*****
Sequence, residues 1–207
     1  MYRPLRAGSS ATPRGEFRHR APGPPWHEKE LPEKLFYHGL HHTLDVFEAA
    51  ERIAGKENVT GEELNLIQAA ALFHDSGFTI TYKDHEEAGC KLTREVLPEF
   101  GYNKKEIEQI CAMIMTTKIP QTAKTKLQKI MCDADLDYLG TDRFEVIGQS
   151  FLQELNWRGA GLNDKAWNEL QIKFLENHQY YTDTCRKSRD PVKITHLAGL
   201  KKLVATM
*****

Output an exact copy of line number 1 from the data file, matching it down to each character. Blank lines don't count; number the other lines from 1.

Sequence, residues 1–207